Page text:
Momentum indicators are widely used by commodity traders to measure when a market is overbought or oversold. They're often a critical component of trading arsenals for traders who live by the old adage, "Buy low, sell high."
- The Relative Strength Index (RSI) is a momentum indicator that measures the overbought or oversold levels of the market.
- A reading of 70 or higher typically indicates the market is overbought, while anything 30 and below means the market is oversold and might be due for a rally.
- An effective way to use the RSI is to follow the trend and enter the market during pullbacks, when there is a solid support or resistance level.
- You can adjust the parameters on the RSI to suit your trading style.
Relative Strength Index
The Relative Strength Index (RSI) is one of the more popular momentum indicators and it's probably among the easiest to use. It measures the overbought or oversold levels on a scale of 1 to 100. The common setting for the RSI is 14. This means it tracks the last 14 periods, whether those periods are days or 5-minute bars on a chart.
The main thing you want to watch out for are readings above 70 or below 30. When the RSI is above 70, it means the market is overbought and likely due for a correction. When the RSI is below 30, the market is getting oversold and might be due for a rally. Of course, these numbers should only be used as a gauge to help you in your buying and selling decisions, not as a trading system.
Trading With the RSI
Many books have been written on trading with momentum indicators and the RSI, and there are multiple theories on doing so. Some methods simply aren't effective, but many traders successfully use the RSI in their own unique ways.
One of the best ways to use the RSI is to follow the trend and enter the market on pullbacks within a trend. First, identify a trending market. If you find a market that has been trending higher, the RSI will probably be near an overbought level of 70. You would look for a buying opportunity when the market corrects when the RSI reaches an oversold level near 30.
This method is an easy way to identify buying opportunities in trending markets. The RSI will ideally prevent you from chasing a market that's in an overbought condition. Your risk is much lower if you buy a bullish market when it's not in an overbought state. This trading method also helps a trader exercise patience and discipline.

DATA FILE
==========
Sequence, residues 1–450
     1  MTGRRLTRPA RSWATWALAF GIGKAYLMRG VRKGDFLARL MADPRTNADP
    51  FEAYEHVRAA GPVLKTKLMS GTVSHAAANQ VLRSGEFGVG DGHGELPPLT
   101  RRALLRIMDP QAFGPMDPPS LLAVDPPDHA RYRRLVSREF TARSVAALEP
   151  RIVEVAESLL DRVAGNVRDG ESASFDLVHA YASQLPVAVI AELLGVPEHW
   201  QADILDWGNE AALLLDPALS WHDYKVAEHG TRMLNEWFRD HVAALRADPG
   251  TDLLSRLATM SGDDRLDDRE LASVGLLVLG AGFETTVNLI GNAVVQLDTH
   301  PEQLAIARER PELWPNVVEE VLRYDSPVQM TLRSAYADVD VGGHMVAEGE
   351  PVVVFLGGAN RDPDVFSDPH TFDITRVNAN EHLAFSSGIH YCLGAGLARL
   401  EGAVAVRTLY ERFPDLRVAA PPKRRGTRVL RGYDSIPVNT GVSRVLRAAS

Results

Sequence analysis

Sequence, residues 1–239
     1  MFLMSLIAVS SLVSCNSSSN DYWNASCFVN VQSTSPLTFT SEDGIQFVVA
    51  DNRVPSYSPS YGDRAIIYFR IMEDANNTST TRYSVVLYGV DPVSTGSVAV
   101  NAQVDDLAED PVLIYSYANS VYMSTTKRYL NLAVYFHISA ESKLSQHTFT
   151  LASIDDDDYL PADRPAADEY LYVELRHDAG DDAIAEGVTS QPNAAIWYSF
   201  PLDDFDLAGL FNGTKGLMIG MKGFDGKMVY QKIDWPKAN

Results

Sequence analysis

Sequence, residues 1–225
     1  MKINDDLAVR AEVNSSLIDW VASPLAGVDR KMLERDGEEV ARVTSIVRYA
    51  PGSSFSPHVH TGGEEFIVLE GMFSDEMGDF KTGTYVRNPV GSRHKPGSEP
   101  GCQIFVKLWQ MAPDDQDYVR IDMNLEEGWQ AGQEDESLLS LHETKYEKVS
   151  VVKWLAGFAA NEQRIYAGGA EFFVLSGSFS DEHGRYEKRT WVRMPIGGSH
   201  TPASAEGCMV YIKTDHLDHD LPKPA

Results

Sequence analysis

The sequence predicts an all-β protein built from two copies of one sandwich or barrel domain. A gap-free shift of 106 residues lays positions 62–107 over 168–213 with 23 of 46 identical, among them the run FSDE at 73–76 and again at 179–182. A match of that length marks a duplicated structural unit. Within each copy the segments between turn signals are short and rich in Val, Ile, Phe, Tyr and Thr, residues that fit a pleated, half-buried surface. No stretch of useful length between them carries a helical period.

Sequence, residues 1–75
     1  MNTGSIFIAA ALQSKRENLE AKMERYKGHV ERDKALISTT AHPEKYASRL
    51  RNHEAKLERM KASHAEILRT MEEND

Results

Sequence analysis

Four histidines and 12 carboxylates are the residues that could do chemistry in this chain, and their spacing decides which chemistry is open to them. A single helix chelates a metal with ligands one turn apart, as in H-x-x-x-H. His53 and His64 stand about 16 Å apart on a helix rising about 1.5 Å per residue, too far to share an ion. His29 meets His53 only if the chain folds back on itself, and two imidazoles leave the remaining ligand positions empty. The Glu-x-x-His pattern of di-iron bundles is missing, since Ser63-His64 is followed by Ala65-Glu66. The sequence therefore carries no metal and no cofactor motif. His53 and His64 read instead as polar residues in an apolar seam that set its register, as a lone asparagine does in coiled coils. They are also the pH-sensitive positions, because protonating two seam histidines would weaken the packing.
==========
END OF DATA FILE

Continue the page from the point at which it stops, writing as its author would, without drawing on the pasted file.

Many novice traders can't stand to sit back and watch a market run higher. They inevitably chase the market and often enter at the high for the move.
A question many traders ask is whether they should simply buy when the RSI drops below 30 or sell when the RSI is above 70. The answer would be no. If you're buying on a correction within a trend and the RSI falls into a desirable range, look for an entry point. That entry point would often be an area of support for uptrends and resistance for downtrends. You could also look for technical reversals that suggest the market has made a sharp turn.
This gives you three good rules for entering a trade:
- Follow the trend
- Enter on pullback
- Enter at a solid support or resistance level
Adjust Parameters to Suit Your Style
Some markets will enter into very strong trends at times without much of a correction. The RSI can stay at overbought or oversold levels for prolonged periods of time.
Don't blindly sell overbought markets. Too many traders have been burned making this mistake.
Most experienced traders will adjust the parameters on the RSI to meet their trading style. Some are short-term traders and they like a fast-moving RSI so they adjust the periods to a lower number like 4. You can also watch different levels for overbought and oversold.
The Balance does not provide tax, investment, or financial services and advice. The information is being presented without consideration of the investment objectives, risk tolerance or financial circumstances of any specific investor and might not be suitable for all investors. Past performance is not indicative of future results. Investing involves risk including the possible loss of principal.